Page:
capable of expansion and the other of contraction
when saturated by the insecticide liquid, for ex 25
ample the materials may consist of a mixture
of cotton and wool so‘proportioned that when the
nozzle is ?lled with the material the capillaries
therein are such as to automatically regulate
the flow of liquid from the container at a rate to
cause caking thereof, as indicated at 24, in Fig. 2
when the liquid is contacted by air through the
opening 23. The caking 24 thus forms a stop
to prevent continuous dripping of the liquid re .35
sponsive to hydrostatic pressure in the container.
Tendency of the liquid to drip prior to the forma
invention.
Fig. 2 is a cross-section through the extermi
tion of the cake is substantially lessened by reason
nator on the line 2-2 of Fig. 1.
Fig. 3 is a fragmentary perspective view of the of the relatively small end l5 of the nozzle; how
over, the outlet opening at the larger end I6 is of
.40 liquid outlet showing the retaining cap for the su?icient diameter to allow ample exposed area
wicking material removed therefrom.
Fig. 4 is a fragmentary horizontal section over which the cake is formed.
In order to provide a safety feature andpre
through a portion of a container provided with
a plurality of outlets that are arranged radially ‘vent displacement of the liquid from the con
tainer, the inner end of the nozzle is closed by a
about the periphery thereof.
second plug of wicking material 25 that may be
Referring more in detail to the drawing:
1 designates an insect exterminator including formed of absorbent cotton or the equivalent.
a container 2 having a liquid outlet 3 through This wicking preferably extends out into the con
tainer, as shown at 25, to provide an extended
which an insecticide is dispensed from the con
surface for absorbing the liquid and feeding it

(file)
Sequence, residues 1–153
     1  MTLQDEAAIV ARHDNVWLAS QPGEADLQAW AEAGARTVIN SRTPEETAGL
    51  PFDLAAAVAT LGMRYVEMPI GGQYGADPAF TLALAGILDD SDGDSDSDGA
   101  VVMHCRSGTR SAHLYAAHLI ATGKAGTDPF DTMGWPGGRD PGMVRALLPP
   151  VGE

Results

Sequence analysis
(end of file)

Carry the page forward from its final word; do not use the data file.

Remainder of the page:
tainer for access by the insects to be extermi
nated. The container 2 may be of various shapes through the constricted inlet of the nozzle. It
and sizes depending upon the nature of its use is obvious that should the wicking material 20
be withdrawn for any reason, the wicking 25 will
and the capacity required. In the illustrated in
stance, the container 2 includes a cylindrical wall remain in place to-prevent. accidental discharge
of the liquid.
4 and upper and lower heads 5 and 6 that are con
In filling the device the cap is removed from
nected at their peripheries with the upper and
lower portions of the wall to form a liquid-tight the neck I‘! together with the wicking material,
and the container is completely ?lled with liq
compartment 1 for containing the insecticide in
dicated at 8. The peripheries of the heads are uid through the nozzle. When the container is
shown as provided with perpendicular ?anges 9 beingv ?lled it is supported with the bottomB-up
40
45
50
55
60
2
2,113,548
permost. The small end of the nozzle is then
directly under the bottom so that the container
may be ?lled to almost its full capacity. The
liquid is then injected through the open end of
the nozzle by connection of a special tube (not
shown) which allows displacement of the air
through the nozzle about the ?lling tube simul
taneously with the inlet of the liquid. After the
container is ?lled, the nozzle is then packed with
the wicking material after which the cap 18 is